Michelle Franch, portrait, 5.18.17

1 - The NWSL and Portland Thorns FC enter their historic fifth professional season. Goalkeeper Adrianna Franch was in the league during its inaugural season in 2013, and now is in her second year with the club.
“Growing up, I saw the other leagues that haven’t lasted this long. It’s amazing to actually be a part of this and now as a member of the Thorns. It’s amazing to see how big it is to Portland and seeing how the game has grown over the last five years. It’s an honor to be a part of it.” 

2 - In addition to excelling in soccer growing up, Adrianna was standout basketball player in high school. She eventually had to make a tough choice in deciding what sport to pursue at Oklahoma State University.
“When I was asked what sport I would choose, I didn’t know. I loved them both so dearly. I definitely miss basketball, but my mom asked me the right question. She asked me which sport I couldn’t live without, and it made the decision so much easier. I love goalkeeping and soccer.” 

3 - Growing up, former U.S. Women’s National Team goalkeeper Brianna Scurry was her favorite player.
“She played at Arrowhead Stadium one year, and I was able to go on the field and give her a high five. She was the goalkeeper for the national team and that was something I wanted to do as a goal. She also played basketball, which was awesome.” 

4 - Adrianna hails from the Midwest, having lived in Salina, Kansas and attended Oklahoma State University. She likens the small town feel of the Midwest to certain aspects of Portland.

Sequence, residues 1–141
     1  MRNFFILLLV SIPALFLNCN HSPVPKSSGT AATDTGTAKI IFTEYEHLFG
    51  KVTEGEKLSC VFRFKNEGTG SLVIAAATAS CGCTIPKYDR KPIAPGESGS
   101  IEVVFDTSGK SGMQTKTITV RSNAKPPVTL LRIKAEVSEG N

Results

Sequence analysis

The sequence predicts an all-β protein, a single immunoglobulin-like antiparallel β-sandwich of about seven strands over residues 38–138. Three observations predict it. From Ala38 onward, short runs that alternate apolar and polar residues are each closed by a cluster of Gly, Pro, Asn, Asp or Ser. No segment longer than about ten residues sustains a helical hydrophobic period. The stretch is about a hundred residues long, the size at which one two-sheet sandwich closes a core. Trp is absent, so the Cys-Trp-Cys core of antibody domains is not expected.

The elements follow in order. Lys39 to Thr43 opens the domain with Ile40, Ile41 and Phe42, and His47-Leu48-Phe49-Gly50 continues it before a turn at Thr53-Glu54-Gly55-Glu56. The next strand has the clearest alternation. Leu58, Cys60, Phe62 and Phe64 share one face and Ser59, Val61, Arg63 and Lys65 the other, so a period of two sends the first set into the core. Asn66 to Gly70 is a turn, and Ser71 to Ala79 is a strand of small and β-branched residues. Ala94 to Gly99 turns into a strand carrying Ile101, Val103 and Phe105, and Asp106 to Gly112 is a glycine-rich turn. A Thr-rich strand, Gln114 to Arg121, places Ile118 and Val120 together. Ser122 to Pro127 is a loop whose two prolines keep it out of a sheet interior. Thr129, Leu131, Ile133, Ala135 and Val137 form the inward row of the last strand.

“I’m a country girl at heart. That’s the one thing people ask me about Portland, and I think it’s an amazing place for me coming from a small-town and the country. Portland is a small hometown type of feel for a city. It’s an amazing city to have that home vibe. It’s starting to make Portland home.” 

5 - Globally, Thorns FC have the highest attendance of any women’s professional team in the world, averaging 16,945 fans last season. Franch visited Providence Park as a member of the Western New York Flash during the 2013 season and playing in front of the Rose City Riveters left a lasting impression on her. 
“There are no words to describe it. When I visited here in 2013, the vibe here was unreal. Teams play so much better when they come here because they’re hyped off the experience. They want to beat this team at their home in front of this crowd. But when you play in front of them and for them, it’s like you have a connection. Everything you do matters and you don’t want to let them down. It’s just a family and culture that you’re so excited and honored to be a part of and want to represent in the best way possible.”